• Types of insomnia
    • Onset sleep insomnia
      • difficulty in falling asleep initially
      • associated with anxiety disorders
    • Maintenance sleep insomnia
      • wake up middle of the night
      • difficulty in remaining asleep
        • with frequent awakening at night
      • may get back to sleep
      • associated with
        • pain disorders
        • medical illness
    • Terminal (late) insomnia
      • persistent early morning awakening
      • cannot get back to sleep
      • characteristic of clinical depression

Sleep deprivation

  • Marked by brief psychosis but non-permanent psychological effects
  • Features
    • irritability
    • stimuli misperception
    • decreased waking alpha activity
    • disorientation
    • lack of attentiveness
    • Neurological consequences
      • tremors
      • seizures

Narcolepsy

  • Definition
    • a chronic neurological disorder caused by the brain’s inability to regulate sleep-wake cycles normally
      • excessive daytime sleepiness (EDS)
  • Narcolepsy results from
    • disease processes affecting brain mechanisms that regulate REM sleep
  • For normal sleepers a typical sleep cycle is about 100 – 110 minutes long, beginning with NREM sleep and transitioning to REM sleep after 80 – 100 minutes
    • But, people with narcolepsy frequently enter REM sleep within a few minutes of falling asleep
  • Three other major symptoms frequently characterize narcolepsy
    • Cataplexy
      • the sudden loss of voluntary muscle tone
    • Vivid hallucinations
      • during sleep onset or upon awakening
    • Brief episodes of total paralysis
      • at the beginning or end of sleep 

Somnambulism (sleep walking)

  • more common in
    • children
    • males
  • may last a few minutes
  • walk with eyes open
    • to avoid collision
    • but cannot remember anything
  • Occur during arousal from slow wave sleep
    • somnambulism
    • noctural aneuresis
      • bed-wetting
    • night terrors
  • Nocturnal emission
    • Wet-dreams
    • normal in male (sometimes females) of reproductive age

Sleep apnoea

  • Definition
    • stopping of breathing for short periods
      • typically between 10 and 90 seconds) during a normal nightly sleep
  • Can be repeated hundreds of times during a sleep period
  • Almost always accompanied by
    • snoring, which is usually quite loud
  • Patient is  unaware of this happening, in normal circumstances
  • 3 types of sleep apnoea
    1. Obstructive sleep apnoea (OSA)
      • Fairly common
      • upper airway collapses as the throat muscles relax during normal sleep
      • cerebral hypoxia results in waking up
        • may be repeated every 15 minutes
      • May result in
        • excessive daytime tiredness and a lack of concentration
      • Counter-measure
        • Relieve the obstruction
          • sleep on the side; reduce weight
    2. Central
      • Rare
      • Neurological dysfunction
        • the brain simply "forgets" or "delays" to send the signal to breathe
      • More difficult to treat
        • some drugs may help
    3. Mixed
      • Extremely rare

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Reticular Activating System (RAS)

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  • The reticular formation resides in the brain stem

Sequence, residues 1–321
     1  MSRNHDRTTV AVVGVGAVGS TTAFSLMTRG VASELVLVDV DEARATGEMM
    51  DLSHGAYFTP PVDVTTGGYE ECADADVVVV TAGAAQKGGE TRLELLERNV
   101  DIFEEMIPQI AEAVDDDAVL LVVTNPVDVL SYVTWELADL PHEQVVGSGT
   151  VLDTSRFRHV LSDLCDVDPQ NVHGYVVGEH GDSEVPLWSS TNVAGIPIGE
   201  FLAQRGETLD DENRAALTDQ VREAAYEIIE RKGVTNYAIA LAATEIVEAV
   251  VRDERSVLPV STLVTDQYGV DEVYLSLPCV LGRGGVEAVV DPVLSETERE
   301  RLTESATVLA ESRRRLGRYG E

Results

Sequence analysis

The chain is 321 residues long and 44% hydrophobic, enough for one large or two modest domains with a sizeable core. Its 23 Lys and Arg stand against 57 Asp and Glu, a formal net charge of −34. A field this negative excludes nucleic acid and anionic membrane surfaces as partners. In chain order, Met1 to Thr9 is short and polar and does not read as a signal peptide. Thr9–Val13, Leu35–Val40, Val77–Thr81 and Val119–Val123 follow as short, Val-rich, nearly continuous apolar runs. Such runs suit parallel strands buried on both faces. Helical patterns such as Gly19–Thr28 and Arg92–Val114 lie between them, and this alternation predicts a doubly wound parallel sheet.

• midbrain, pons & medulla
  • Comprised of the
    • motor system (reticulospinal system)
    • sensory systems (RAS)
    • the vital centres
  • The RAS stimulates the whole brain to cause arousal (wakefulness)
    • its output is suppressed in sleep & coma
    • stimulated by
      • input from the cortex (corticofugal fibres)
      • OREXINS
        • peptides released by hypothalamic neurons just before waking

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Consciousness

  • Various definitions
    • mind
    • awareness
    • ability to respond
  • Can it be equated to activity in the EEG?
  • Sometimes, people under general anaesthesia feel the pain and are conscious of their surroundings
    • but cannot convey this to the outside world , trapped in their own body
  • Perception of sensations, voluntary initiation & control of movement, capabilities –> associated with higher mental processing
  • The brain’s ability to adjust its activity and consciousness levels can be impaired in several ways:
    • When people are severely deprived of sleep
    • When and immediately after a seizure occurs
    • When both cerebral hemispheres are suddenly and severely damaged
    • When the reticular activating system malfunctions
    • When blood flow or the amount of nutrients (such as oxygen or sugar) going to the brain decrease
    • When toxic substances impair the brain (liver & kidney failure)
    • Drugs
      • morphine
      • diazepam
      • antipsychotic drugs
  • Periods of impaired consciousness can be short or long. The level of impairment can range from slight to severe:
    • Lethargy
      • slight reduction in alertness or clouding of consciousness
      • People tend to be less aware of what is happening around them and to think more slowly
    • Obtundation
      • moderate reduction in alertness or clouding of consciousness
    • Stupor
      • excessively long or deep sleep-like state
      • A person can be aroused from it only briefly by vigorous stimulation
        • such as repeated shaking, loud calling, pinching, or sticking with a pin.